There would be profound legal implications to this kind of a shift in the culture of information. Copyright doctrine, in protecting the expression of ideas, rather than the ideas themselves, has always balanced property rights ("expressions of ideas") with the cultural domain ("ideas"). For this reason, critics of Article 2B frequently argue that copyright law is more sensitive to the cultural and political dimension of information than contract alone can be. Castells's argument supports this point of view in postulating an inalienable link between information and the quality of life: "Because information is an integral part of all human activity, all processes of our individual and collective existence are directly shaped (although certainly not determined by) the new technological medium."20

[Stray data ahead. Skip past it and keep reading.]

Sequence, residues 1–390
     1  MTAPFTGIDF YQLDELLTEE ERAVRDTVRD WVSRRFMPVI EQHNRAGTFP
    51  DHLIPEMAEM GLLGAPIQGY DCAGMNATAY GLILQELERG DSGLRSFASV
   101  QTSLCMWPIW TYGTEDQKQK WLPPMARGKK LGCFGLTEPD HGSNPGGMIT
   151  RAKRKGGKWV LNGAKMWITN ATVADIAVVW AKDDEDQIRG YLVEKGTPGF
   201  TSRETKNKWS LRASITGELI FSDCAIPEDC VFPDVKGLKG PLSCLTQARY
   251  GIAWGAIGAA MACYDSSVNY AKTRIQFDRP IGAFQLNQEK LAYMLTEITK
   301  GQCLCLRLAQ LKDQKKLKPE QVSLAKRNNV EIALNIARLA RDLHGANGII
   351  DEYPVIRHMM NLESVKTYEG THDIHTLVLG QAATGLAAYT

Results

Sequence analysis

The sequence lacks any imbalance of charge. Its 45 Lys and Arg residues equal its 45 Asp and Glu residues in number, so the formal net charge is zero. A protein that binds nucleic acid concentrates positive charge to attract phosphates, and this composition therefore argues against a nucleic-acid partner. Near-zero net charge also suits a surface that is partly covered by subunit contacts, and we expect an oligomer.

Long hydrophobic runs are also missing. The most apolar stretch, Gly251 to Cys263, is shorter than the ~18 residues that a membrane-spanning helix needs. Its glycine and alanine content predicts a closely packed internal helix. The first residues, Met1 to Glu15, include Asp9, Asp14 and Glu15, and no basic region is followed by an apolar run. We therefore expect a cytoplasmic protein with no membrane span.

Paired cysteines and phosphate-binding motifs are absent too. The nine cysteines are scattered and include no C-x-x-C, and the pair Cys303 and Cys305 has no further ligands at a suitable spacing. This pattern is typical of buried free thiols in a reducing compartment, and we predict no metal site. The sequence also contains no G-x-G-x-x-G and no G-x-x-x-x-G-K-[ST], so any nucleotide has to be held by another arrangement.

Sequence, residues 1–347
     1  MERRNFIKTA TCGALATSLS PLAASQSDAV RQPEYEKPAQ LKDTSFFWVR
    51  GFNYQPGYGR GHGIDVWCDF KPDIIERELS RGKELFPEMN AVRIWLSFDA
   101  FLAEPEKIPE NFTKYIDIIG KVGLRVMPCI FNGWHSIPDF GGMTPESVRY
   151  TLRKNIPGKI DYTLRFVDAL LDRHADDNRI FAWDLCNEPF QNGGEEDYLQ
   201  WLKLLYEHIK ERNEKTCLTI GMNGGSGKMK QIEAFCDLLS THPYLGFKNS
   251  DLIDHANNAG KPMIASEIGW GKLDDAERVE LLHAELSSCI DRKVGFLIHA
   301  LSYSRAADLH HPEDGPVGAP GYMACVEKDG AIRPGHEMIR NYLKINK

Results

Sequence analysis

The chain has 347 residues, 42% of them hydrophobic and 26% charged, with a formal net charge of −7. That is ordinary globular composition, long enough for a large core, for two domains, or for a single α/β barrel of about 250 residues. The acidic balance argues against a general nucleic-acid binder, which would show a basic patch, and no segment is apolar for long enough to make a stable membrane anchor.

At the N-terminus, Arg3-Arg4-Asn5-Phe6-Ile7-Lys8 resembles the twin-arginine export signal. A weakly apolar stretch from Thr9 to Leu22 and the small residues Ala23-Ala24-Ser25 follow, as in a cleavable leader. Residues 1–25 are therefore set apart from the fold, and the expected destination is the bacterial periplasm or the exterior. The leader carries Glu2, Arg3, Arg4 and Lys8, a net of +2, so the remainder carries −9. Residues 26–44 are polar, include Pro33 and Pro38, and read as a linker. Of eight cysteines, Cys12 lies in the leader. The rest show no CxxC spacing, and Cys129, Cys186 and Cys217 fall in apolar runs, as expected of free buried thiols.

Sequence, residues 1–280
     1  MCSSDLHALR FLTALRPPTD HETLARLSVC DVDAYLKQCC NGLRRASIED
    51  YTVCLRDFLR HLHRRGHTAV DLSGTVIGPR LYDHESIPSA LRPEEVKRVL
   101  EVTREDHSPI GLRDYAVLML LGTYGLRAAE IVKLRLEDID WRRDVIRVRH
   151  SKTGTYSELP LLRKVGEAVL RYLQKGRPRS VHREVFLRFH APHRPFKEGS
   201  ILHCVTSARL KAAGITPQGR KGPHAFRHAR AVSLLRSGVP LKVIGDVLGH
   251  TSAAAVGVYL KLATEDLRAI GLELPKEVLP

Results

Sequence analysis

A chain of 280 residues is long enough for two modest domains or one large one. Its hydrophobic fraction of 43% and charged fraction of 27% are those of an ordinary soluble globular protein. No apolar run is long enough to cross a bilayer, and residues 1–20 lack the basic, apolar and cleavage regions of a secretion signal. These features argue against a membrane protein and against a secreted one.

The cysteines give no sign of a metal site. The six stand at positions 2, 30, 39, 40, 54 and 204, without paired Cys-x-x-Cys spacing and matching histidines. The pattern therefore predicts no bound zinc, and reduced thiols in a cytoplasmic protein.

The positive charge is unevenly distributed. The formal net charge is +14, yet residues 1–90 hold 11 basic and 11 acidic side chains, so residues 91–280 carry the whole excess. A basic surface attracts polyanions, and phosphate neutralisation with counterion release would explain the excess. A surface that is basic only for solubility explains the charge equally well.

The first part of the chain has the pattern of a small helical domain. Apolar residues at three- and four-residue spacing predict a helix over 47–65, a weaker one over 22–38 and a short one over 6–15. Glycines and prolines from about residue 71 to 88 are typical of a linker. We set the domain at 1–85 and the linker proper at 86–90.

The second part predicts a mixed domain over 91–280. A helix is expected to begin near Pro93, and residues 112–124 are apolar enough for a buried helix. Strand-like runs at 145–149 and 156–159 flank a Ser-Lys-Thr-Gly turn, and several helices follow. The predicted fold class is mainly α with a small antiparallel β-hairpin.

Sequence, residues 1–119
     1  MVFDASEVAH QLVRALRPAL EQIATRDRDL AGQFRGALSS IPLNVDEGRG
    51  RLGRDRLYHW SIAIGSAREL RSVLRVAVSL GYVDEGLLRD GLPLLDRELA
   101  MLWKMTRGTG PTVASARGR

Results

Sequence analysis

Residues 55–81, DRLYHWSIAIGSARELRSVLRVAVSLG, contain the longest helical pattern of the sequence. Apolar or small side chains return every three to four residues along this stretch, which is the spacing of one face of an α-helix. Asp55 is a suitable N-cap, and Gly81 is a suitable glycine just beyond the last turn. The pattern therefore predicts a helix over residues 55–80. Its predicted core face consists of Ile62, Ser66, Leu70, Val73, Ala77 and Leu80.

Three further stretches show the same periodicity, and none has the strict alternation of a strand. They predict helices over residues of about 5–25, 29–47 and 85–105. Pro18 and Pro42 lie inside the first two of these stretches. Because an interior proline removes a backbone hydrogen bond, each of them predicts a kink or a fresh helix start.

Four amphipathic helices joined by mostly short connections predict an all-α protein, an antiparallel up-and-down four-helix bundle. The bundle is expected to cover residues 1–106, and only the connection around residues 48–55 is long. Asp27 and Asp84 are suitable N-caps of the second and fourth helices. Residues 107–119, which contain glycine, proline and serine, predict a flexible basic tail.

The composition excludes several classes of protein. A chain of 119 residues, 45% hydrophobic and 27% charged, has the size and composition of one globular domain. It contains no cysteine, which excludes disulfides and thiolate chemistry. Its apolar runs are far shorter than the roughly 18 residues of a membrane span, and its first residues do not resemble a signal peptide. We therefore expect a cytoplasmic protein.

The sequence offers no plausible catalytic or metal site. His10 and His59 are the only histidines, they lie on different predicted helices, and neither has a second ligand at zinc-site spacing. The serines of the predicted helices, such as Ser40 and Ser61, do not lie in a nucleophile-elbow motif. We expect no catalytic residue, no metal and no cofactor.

Software, on the other hand, is an abstract machine for data and information processing, and can be viewed as a political device because it serves as a mediating technology for communication between people. If digital signals have value within the context of information flows, the distinction between software ("information" in the Article 2B sense) and information content becomes ambiguous. The problematic public and cultural implications of the concept of "information" (in the sense defined by Article 2B as communication between machines) appears most clearly in Julie Cohen's use of Lawrence Lessig's description of digital code as privatized law, or "code as code." In Lessig's description, code "constitutes itself as an inexorable arbiter of permissible conduct," one "that need not fit with, or respect, public law."21 Pam Samuelson has made the same point in reminding members of the Association of Computing Machinery of their social responsibility as programmers: "Programmers may not realize it, but computer programs are privately constructed regulatory regimes. In these governance systems, some activities are authorized, while others are, by technical means, forbidden .... Code as code may be 'an efficient means of regulation', but it doesn't always produce socially optimal results."22 In contrast to the Article 2B definition, sociologists and economists see software not simply as machine to machine communication, but rather as a key to understanding the relationship between technology, productivity and discipline in the workplace, privacy and surveillance in civil society, and, ultimately, structure in the economy.